Merlin’s blade is a unique take on the Arthurian legends. Told mostly from the perspective of Merlin as a young man on the cusp of adulthood, the story has a decidedly historical feel. One gets the sense that considerable research went into the writing of this book. And yet the characters are what really shine here.
Merlin is the scarred son of a blacksmith in this version of the tale. Though he has trouble seeing as a result of his injuries (he’s half blind, really) he is a genuine hero. He struggles, yes. He fails many times as well. But he longs to stand against evil and do what’s right. And though the dark influences which threaten his village and really England itself seem far beyond him through most of the novel, we see his perseverance and bravery pay off in the end which is extremely satisfying.
Merlin’s romantic aspirations are quite underplayed in the story, but very noble and tender and I appreciated the author’s deftness in handling these elements. His relationship with his father has its ups and downs, but ultimately resolves in a very meaningful and moving way.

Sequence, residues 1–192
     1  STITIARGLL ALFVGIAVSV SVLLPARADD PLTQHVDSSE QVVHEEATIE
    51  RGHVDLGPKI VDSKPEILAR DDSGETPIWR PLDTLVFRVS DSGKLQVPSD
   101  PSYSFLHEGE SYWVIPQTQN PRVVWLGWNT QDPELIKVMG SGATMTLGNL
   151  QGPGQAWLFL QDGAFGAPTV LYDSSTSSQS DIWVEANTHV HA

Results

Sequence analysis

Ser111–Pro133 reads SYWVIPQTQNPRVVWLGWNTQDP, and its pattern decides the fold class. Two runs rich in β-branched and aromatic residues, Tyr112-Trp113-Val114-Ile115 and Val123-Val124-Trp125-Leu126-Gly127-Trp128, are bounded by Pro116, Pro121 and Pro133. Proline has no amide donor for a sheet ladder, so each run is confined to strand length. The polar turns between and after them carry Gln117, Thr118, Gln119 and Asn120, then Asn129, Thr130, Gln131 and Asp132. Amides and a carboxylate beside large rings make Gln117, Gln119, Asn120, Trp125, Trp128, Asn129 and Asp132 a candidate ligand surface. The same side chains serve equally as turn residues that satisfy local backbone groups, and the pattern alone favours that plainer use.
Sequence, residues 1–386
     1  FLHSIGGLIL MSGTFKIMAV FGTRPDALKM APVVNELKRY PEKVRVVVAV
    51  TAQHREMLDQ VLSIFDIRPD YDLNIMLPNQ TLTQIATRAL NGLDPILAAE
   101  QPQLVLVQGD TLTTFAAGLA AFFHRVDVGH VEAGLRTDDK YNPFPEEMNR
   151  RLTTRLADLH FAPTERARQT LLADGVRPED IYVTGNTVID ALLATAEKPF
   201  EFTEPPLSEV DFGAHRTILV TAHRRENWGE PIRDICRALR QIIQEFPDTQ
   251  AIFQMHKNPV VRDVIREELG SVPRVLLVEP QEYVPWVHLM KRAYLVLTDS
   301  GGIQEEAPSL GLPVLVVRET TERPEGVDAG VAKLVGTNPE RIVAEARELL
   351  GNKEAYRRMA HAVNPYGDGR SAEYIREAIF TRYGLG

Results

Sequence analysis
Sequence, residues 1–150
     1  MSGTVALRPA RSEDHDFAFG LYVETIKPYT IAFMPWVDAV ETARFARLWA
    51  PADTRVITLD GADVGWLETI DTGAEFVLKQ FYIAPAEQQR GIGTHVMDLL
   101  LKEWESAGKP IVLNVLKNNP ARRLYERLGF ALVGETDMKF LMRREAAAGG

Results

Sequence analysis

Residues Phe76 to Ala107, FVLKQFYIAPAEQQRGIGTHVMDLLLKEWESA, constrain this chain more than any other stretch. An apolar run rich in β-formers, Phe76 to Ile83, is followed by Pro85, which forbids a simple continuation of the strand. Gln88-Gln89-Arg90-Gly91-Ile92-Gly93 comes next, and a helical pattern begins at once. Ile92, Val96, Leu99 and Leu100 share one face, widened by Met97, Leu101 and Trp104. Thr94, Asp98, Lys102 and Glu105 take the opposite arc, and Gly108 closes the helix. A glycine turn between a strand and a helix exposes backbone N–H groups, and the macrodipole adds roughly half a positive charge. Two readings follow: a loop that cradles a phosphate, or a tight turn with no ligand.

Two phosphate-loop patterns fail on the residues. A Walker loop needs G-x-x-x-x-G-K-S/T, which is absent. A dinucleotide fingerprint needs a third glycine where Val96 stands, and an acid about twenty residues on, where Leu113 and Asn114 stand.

The one aspect of the story which is somewhat troubling are the pagan elements. They are very dark. Maybe a little too dark at times. And it didn’t seem like the evil forces got quite as much as they had coming to them in the end. This of course is because this is only the beginning of Merlin’s journey, and there is more to be told. Still, beyond just the inherent tragic elements of the Arthurian legend itself, the level of evil here does go a few degrees past the pale over all, I’d say.
All things considered, this is a frightfully good story and I look forward to reading more from this author about Merlin’s further adventures in the future.